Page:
~Bob Gottlieb

Custom of the Sea

Irish Post, January 21 2006 »
Debut album of the year came from the Wages of Sin with the brilliant 'Custom of the Sea', mixing Celtic, country, Appalachian and bluegrass styles (amongst others), which produced classic sea shanty tales of pillaging, plundering and excess drinking. The end product being a highly catchy, full energy and extremely danceable record. that sounded inspired and fresh from start to finish and made a nice change from bands trying to sound like The Pogues.

Shite n' Onions Webzine »
Billed as delivering a treasure chest of "Punk Rock, Sea Shanties & Appalachian Death Polka", Seattle's Wages of Sin do not so much fuse disparate musical elements as revel in the direct lineage of their influences. Sharp tense '50's rock & roll hooks mesh with mountain fiddle stomps in a ballsy reminder that the two styles are just a short shuffle down the holler from each other; mountain music is the raw-handed grandfather of rock & roll after all. And, of course, bluegrass and Appalachian music are the frontier offspring of the Celtic and British ballad and dance music traditions. The Wages plunder these histories with total affinity and come up with a blend as clean and warm as a mouthful of Jamaican rum.

Steaming out of the yard with a version of the traditional 'Railway', complete with a chorus of navvies snarling and hollering in a shanty tent, the band are soon on a south-bound route with 'Lay Me Down' and its 'Devil Went Down To Georgia'-style barnyard swing. The bull fiddle snaps, the mandolin rings and the rain drives down. 'The Angel's Share' continues the singalong with a bottle of sly grog passed around the back pews of a lonesome Baptist church. And then we get to 'The Tyburn Jig'which tells the grim tale of villainous wife-slaying cads and their road to the end of a rope. If this song is not on the next Shite'n'Onions Best Of, I will eat my scally cap for breakfast.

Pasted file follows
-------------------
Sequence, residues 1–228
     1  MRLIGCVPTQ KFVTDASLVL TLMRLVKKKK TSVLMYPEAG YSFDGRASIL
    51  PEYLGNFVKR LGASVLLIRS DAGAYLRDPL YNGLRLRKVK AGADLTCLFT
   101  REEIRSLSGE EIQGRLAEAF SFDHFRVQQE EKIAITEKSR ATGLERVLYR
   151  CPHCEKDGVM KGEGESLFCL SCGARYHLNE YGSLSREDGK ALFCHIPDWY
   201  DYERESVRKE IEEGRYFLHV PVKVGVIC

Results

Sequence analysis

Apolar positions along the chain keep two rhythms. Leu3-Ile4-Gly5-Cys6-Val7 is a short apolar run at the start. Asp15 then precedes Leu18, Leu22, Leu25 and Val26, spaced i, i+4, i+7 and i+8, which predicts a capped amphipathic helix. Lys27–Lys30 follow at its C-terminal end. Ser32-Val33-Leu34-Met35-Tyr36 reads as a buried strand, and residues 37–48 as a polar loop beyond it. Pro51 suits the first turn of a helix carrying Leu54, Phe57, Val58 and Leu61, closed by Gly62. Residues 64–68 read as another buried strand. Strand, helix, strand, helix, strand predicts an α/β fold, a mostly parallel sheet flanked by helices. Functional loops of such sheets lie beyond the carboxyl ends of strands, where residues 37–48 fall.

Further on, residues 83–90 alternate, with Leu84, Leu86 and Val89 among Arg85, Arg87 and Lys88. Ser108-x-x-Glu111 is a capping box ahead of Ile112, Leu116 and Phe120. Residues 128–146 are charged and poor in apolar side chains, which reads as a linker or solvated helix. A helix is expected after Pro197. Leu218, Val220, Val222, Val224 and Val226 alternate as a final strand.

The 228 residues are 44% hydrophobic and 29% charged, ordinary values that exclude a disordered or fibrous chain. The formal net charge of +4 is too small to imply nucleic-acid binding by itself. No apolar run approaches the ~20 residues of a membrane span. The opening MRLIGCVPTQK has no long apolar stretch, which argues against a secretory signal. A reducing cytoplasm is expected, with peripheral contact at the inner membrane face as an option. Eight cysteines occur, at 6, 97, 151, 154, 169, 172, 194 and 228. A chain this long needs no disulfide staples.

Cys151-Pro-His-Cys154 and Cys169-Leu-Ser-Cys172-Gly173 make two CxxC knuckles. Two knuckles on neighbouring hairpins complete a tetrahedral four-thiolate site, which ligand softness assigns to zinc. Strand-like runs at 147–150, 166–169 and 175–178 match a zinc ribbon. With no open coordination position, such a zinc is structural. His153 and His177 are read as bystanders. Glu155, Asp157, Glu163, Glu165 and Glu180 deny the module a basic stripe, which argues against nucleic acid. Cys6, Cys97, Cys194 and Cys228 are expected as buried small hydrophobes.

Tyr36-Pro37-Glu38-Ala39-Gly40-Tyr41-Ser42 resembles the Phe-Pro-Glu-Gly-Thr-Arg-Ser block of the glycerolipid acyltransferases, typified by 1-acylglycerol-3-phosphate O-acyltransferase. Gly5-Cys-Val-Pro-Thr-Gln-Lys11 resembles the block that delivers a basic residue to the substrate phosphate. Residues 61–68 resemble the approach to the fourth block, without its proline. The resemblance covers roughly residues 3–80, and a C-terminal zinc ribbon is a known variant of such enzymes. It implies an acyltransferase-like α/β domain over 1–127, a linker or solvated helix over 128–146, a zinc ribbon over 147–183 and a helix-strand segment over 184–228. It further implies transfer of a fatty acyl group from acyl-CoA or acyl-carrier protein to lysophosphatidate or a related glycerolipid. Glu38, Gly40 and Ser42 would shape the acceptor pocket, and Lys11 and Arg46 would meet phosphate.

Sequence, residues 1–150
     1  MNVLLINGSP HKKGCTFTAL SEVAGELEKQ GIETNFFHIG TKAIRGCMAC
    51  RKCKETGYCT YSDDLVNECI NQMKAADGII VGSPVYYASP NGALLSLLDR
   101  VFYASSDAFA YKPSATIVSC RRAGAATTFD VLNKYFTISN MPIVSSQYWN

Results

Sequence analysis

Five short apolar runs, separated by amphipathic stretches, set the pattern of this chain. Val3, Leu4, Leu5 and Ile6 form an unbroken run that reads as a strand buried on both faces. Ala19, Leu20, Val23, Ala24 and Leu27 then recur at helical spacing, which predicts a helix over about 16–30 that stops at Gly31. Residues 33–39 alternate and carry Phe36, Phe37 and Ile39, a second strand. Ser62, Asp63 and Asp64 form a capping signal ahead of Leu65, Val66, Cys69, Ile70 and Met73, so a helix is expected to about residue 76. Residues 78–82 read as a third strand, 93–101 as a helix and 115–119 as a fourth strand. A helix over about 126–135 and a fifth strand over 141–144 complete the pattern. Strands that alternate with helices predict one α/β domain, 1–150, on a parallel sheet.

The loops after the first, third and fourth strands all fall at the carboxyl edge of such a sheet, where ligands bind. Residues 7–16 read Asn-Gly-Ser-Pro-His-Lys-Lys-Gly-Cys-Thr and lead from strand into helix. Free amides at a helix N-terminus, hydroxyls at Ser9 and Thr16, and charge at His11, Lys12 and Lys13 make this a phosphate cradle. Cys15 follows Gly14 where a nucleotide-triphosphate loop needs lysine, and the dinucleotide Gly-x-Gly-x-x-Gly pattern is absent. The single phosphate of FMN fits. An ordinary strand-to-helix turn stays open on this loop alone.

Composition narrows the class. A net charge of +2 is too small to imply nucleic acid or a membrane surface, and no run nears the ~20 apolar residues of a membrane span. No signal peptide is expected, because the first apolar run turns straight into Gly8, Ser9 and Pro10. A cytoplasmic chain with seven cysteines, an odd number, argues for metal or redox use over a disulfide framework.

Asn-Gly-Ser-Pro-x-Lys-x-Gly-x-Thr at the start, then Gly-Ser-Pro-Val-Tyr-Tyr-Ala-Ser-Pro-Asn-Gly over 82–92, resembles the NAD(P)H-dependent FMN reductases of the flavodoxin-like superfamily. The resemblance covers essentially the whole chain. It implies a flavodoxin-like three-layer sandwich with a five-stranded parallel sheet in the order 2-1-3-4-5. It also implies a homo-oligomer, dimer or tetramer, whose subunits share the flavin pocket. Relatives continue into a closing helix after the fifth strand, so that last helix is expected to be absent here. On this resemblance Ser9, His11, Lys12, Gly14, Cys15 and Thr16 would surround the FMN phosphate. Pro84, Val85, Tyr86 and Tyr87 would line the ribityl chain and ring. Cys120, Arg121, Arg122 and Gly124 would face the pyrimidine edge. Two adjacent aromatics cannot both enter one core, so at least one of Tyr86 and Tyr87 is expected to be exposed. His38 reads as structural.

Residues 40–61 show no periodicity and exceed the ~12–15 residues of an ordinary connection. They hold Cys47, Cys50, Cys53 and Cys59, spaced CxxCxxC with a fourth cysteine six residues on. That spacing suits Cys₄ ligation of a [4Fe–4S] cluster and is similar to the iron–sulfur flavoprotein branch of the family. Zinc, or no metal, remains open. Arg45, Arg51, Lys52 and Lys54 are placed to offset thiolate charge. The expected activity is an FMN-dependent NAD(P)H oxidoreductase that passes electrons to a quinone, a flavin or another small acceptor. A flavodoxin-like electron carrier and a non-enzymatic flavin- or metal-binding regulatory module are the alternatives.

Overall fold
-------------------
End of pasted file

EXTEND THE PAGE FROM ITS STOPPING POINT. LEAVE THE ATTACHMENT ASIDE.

Onto 'Baptized by Fire', which takes us back to that junction in the holler where rock'n'roll left home. The opening hook reminds us that for all the candy floss in the '50's hit 'Wake up Little Suzie', the Everly Brothers themselves were coming out of an old and often wild tradition. That sense of history through music runs like a thread here, not unlike Steve Earle's classic 'Copperhead Road'.

'Django' sees us in Sergio Leone territory; with a respectful nod to the vastly underrated Pogues (with Shane) swan song 'Hell's Ditch'. 'Buccaneers (of Elliott Bay)' has gotta be another S'n'O Best Of contender. 'Graveyard Blues' is virtually a tribute to the most desolate of Appalachian ballad forms, and a cover of the classic porch knees-up 'Salty Dog Blues' is one for the whole family. It sort of reminds me of the Muppets' Jug Band, and I mean that as a serious compliment! Despite the name, 'Heave Away' is a cool cat strut - you can just see the cigarette smoke pooling above the double bass and neon beer signs.

'Jolly Roger' is an album favourite, a fat cannonball of pure pirate punk. 'Dia de los Muertos' tells the wayward tale of a gringo's narrow escape in a way that brings to mind Shane MacGowan's 'Mexican Funeral in Paris'. 'Drinkin' Days' is a honky tonk classic, complete with a time-to-clean-up-my-act sentiment that is designed to make you want to drink even more.